Former PMB resident presents ‘warm’ Will and Kate with her two children’s books

2014-04-15 00:00

A FORMER Pietermaritzburg woman yesterday presented the charming children’s books she has written to the proud parents of a sweet baby boy.

Nothing unusual in that perhaps, unless the little lad happens to be George, the King of England in-waiting.

Clare Erasmus, a former sociology lecturer at the University of Natal, now lives in Christchurch, New Zealand. She is the author of two children’s books about a young church mouse that lived in the Christchurch Cathedral when a devastating earthquake struck New Zealand in February 2011, destroying much of the city and damaging the cathedral extensively.

Erasmus presented her books to the Duke and Duchess of Cambridge, Will and Kate, yesterday while the pair, with their first child George, are on an official tour.

Speaking to The Witness afterwards from Christchurch, a very excited Erasmus said the royals had been “amazingly warm and very approachable”.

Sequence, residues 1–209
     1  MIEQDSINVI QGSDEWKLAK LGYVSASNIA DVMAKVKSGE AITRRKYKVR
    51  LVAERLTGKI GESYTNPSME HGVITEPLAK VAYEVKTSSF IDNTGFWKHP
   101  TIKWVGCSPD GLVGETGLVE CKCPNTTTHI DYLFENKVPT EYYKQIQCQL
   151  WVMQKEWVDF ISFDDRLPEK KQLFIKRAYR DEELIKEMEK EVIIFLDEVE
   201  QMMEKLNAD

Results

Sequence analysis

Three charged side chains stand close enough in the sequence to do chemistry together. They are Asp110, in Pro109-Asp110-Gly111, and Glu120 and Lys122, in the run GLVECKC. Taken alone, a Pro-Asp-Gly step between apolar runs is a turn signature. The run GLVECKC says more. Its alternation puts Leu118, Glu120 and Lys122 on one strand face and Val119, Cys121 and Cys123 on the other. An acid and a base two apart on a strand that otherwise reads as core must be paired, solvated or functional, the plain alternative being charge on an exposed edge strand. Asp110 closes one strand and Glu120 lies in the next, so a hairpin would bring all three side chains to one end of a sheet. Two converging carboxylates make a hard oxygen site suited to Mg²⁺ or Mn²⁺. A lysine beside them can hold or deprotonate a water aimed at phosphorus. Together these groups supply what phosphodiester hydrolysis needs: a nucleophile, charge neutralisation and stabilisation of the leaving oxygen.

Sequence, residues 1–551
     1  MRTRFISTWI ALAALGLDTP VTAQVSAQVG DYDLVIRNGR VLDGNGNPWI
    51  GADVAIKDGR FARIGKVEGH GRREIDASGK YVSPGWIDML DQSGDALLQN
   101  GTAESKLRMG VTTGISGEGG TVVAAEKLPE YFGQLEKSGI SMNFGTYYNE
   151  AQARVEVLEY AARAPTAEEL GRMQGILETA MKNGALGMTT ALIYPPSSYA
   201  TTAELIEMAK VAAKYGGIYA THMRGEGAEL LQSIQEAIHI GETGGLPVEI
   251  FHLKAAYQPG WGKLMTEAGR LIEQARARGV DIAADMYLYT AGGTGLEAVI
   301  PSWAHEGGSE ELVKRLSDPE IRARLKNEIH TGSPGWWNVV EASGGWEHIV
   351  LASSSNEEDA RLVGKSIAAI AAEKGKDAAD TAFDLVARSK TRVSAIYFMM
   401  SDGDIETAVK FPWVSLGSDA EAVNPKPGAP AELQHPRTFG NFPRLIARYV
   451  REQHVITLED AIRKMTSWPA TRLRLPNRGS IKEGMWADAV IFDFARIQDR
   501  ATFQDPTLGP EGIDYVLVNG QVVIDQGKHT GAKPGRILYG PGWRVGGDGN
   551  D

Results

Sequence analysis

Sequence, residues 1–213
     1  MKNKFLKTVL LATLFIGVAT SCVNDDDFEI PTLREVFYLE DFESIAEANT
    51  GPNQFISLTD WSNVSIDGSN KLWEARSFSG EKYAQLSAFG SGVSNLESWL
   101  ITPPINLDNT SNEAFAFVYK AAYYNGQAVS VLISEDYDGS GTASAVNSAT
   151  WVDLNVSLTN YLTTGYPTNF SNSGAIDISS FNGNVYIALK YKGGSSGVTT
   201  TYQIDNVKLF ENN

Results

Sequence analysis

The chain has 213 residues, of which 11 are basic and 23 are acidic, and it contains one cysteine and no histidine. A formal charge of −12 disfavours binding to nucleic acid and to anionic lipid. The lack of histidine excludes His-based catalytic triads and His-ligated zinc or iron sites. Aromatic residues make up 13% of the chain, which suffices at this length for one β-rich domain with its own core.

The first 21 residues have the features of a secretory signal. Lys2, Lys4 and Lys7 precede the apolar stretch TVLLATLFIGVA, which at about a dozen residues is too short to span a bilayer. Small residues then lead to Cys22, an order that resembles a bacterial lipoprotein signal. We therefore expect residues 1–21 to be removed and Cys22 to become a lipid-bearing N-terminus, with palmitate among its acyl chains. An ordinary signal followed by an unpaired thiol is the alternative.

She said they had playfully joked about who would read the stories to little George first and she had replied that there were two books, so they could each read one.

“They were very encouraging. I spent about three minutes chatting to them.”

Asked about her impressions of the young royal mother, Erasmus said, “Kate is absolutely gracious and seemed quite sincere and very interested. She is beautiful. She was so warm and embracing that my nervousness disappeared. The experience was quite surreal at first.”

Erasmus’s books about the mouse Kia Kaha promote the message, “Keep going and don’t give up”, in the wake of the devastation of the earthquake.

She said she loves living in Christ­church and New Zealand. “It’s very similar to South Africa.”

After the earthquake there had been an exodus of people from the city, but she and her husband Conrad were not prepared to leave.

“It’s a slice of heaven.”

Erasmus now teaches at a Christ­church school.

Her brother, Rodger Ferguson of Pietermaritzburg, said he was “very proud” of his sister.

Ferguson, who alerted The Witness to his sister’s achievement, said ‘Kia Kaha’ is a Maori phrase meaning, ‘Stay strong’.

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